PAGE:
Paradoxically, in making protected health information available under a waiver, the reviewing board must determine and document that the disclosed identifiers are necessary to the research and that provisions are in place to destroy the identifiers at the earliest opportunity consistent with the research. In fact, because of the overly expansive definition of "protected health information," the data made available pursuant to a waiver of authorization may not identify the individual at all. For instance, if records are made available for the purpose of identifying potential clinical trial enrollees, little more than relevant dates and case numbers may be available to the researchers. Yet, covered entities will have to annotate thousands of records as having been disclosed-and likely will have to answer questions from many individuals who received the accounting because their records were reviewed but who were not asked to be in the trial because they did not meet the enrollment criteria. Ultimately, the IRB or privacy board has the power to waive authorization if it finds that the authorization requirements would be difficult or impossible to satisfy, but the regulation's accounting requirement nonetheless will require the covered entity to annotate each individual's record and prepare for future questions about these disclosures.

    On balance, BIO believes that the public's interest in the outcomes of large scale studies outweighs the individual's interest in learning whether protected health information has been disclosed to researchers pursuant to a waiver of authorization. In each case, the IRB or privacy board is charged with protecting individuals' privacy interests by making a finding that the disclosure poses "no more than minimal risk" to an individual's privacy. 13 Accordingly, BIO recommends the addition of an exemption from the accounting requirement for disclosures pursuant to a waiver of authorization. 14

    Similarly, we believe that the accounting requirement should not apply to disclosures of protected health information pursuant to the regulation's public health provision. 15 BIO's members are concerned that providers will be less likely to contact them voluntarily to ask for follow-up information about events that may or may not be "adverse events." Because disclosure of even the date of service and initials or case number that the Food and Drug Administration ("FDA") requires manufacturers to obtain would constitute a disclosure of protected health information under the regulation, we are concerned that the additional documentation required by the accounting standard-and the questions patients assuredly will ask after receipt of an accounting-will cause providers to establish a higher threshold before taking the time to contact either the manufacturer or FDA. Even an unintentional shift in the threshold for reporting suspect occurrences is detrimental to the public health because it may delay detection of patterns of seemingly minor symptoms which, when viewed in the context of isolated reports of more serious but related events, would warrant prompt investigation by public health authorities. In our view, requiring providers to expend precious time accounting for public health disclosures-as opposed to other disclosures that raise significantly greater privacy concerns-is inefficient means of protecting patient privacy. Thus, BIO suggests that the Department create an exemption for disclosures of protected health information for public health purposes.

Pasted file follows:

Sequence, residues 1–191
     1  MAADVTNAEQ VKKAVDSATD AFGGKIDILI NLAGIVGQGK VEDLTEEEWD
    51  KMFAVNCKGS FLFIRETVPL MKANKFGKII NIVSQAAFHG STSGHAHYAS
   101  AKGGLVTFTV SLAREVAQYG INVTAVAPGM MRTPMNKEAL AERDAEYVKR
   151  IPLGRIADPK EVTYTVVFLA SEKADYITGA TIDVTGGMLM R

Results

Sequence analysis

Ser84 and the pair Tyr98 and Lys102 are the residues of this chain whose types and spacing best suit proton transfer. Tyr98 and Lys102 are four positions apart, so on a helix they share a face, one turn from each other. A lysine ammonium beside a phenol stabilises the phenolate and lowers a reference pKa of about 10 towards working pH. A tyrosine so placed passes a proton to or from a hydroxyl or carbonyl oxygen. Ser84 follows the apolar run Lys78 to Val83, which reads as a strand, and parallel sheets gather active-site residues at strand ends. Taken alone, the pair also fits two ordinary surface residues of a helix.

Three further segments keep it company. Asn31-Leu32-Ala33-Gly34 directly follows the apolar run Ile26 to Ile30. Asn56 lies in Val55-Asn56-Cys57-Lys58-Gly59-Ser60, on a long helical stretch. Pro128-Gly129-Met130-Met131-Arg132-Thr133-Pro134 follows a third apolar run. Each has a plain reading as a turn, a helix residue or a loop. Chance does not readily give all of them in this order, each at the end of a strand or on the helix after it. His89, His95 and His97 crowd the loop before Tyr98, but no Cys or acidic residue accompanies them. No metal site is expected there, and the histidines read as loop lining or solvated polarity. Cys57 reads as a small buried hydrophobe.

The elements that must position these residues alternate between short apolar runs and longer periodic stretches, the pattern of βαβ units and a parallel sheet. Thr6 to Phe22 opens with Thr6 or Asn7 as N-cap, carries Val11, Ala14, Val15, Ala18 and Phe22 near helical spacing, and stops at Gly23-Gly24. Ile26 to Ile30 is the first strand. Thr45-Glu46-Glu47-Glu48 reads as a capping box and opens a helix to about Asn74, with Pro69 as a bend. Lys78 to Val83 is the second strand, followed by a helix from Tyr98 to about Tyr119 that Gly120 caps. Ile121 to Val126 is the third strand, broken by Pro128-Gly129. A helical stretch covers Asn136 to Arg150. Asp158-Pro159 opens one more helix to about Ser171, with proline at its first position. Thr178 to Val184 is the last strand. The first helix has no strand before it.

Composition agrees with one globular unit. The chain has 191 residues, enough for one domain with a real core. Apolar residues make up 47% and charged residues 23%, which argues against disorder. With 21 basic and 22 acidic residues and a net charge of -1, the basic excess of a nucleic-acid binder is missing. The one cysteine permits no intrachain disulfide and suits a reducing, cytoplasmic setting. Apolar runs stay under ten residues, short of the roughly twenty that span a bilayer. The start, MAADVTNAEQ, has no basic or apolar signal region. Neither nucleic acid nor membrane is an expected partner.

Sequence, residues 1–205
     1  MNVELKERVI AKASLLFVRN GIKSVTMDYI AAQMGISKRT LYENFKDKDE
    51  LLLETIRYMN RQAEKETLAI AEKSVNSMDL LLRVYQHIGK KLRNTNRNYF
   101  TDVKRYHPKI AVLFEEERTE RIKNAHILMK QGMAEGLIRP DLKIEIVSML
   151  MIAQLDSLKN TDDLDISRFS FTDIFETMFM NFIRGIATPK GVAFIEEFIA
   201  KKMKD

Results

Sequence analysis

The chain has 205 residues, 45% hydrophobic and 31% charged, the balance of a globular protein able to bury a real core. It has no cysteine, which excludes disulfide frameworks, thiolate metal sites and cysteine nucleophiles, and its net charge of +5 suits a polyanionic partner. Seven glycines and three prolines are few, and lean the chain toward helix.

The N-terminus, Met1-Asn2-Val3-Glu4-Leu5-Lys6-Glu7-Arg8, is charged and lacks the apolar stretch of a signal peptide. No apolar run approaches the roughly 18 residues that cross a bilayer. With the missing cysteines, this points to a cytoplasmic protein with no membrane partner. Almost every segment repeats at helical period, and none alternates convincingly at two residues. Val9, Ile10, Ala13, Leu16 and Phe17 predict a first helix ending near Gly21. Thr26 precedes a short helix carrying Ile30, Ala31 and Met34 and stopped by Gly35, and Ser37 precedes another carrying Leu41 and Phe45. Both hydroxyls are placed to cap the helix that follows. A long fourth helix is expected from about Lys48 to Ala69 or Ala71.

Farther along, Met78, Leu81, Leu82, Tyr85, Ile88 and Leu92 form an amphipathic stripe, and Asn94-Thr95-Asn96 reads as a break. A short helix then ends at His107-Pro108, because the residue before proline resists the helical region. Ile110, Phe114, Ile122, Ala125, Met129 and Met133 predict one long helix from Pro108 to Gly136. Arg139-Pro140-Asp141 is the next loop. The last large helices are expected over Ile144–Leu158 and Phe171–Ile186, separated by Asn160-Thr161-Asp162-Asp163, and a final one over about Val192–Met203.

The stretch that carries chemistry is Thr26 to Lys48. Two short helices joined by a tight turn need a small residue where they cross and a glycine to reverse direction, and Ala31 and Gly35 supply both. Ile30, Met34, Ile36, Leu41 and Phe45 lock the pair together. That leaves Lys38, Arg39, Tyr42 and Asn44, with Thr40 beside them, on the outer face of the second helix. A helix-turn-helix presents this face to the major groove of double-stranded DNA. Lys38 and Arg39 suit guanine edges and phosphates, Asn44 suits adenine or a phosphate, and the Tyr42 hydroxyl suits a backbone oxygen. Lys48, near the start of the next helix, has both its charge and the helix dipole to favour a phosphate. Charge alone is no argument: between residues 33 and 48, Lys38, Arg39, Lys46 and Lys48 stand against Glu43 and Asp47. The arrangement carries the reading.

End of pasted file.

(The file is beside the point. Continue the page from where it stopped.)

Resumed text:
4. Clinical Trial Recruitment Communications as Health Care Operations

    Specifically for the purpose of identifying and recruiting possible clinical trial participants, the NPRM discusses a partial waiver of authorization as an alternative to existing provisions of the privacy regulation 16 which permit researchers, under very limited circumstances, to review protected health information without patient authorization in preparation for research. 17 The preparatory review provisions, however, only address the situation where a covered entity makes protected health information available on a very limited basis to an outside researcher. Similarly, the department's partial waiver clarification focuses on disclosures to third party researchers. What these provisions do not address is whether and to what extent a covered provider may use protected health information in its possession, without individual authorization, to identify and communicate directly with appropriate clinical trial candidates.